It has been three decades since the untimely death on July 20, 1973 of Bruce Lee, the martial-arts expert and movie star. The “dragon” (as he is known for his starring role in the film Enter the Dragon) has long been a cult hero to fans of martial-arts movies. But Lee deserves broader recognition for his contributions to American culture and society.
Lee served, in fact, as an important counterpoint to some of the negative cultural and social trends that were ascendant in the years when he attained fame. At a time when crime was soaring, Lee developed and popularized techniques that ultimately would help millions improve their self-defense abilities. In the face of a counterculture that derided self-discipline, Lee stood as a veritable embodiment of that virtue. In contrast to the pious (and often hypocritical) pacifism that arose against the Vietnam War, Lee’s films were a reminder that force can be legitimate depending on how and why it is used.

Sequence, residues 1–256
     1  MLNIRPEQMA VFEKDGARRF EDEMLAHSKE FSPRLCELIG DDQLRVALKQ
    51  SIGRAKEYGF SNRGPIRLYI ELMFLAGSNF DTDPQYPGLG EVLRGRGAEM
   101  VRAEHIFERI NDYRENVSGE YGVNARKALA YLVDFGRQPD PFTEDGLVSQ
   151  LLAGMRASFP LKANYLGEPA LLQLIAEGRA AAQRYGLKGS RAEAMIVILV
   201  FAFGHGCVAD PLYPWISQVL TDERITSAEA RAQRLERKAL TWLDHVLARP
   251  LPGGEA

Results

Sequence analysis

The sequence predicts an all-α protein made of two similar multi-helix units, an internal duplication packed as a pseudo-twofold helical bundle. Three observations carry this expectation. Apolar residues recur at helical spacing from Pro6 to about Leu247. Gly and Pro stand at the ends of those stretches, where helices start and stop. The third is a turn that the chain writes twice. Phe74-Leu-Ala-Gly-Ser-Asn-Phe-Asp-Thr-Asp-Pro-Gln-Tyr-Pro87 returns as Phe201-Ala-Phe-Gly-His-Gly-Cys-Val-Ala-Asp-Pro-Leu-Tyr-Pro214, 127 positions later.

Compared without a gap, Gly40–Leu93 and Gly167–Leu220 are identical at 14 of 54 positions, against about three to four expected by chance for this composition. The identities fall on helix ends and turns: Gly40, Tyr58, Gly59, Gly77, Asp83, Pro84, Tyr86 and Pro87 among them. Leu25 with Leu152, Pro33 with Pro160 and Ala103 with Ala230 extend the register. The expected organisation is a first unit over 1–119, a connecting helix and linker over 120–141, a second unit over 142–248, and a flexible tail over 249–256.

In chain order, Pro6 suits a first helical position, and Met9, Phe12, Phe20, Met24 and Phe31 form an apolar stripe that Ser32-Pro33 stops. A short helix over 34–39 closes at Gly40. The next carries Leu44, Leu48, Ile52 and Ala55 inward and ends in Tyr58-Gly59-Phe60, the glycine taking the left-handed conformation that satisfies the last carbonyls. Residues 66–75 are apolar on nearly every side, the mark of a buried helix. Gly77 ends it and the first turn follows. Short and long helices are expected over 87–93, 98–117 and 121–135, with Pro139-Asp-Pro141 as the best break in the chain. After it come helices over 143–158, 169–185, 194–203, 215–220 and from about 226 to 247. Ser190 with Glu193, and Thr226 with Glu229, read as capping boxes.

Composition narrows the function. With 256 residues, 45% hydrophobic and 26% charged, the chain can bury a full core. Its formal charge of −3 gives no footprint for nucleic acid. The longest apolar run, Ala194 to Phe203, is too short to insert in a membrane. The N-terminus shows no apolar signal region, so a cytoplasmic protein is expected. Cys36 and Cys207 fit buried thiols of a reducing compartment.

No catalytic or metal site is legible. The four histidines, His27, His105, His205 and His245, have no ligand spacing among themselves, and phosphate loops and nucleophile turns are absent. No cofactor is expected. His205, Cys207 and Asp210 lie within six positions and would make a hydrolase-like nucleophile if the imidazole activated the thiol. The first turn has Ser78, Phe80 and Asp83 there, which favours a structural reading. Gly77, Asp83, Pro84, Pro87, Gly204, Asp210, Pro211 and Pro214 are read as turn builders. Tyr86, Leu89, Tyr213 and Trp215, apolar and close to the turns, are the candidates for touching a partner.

I've always had a pretty wide range of interests, for better and occasionally worse. My interest in martial arts goes back almost to when Lee was alive.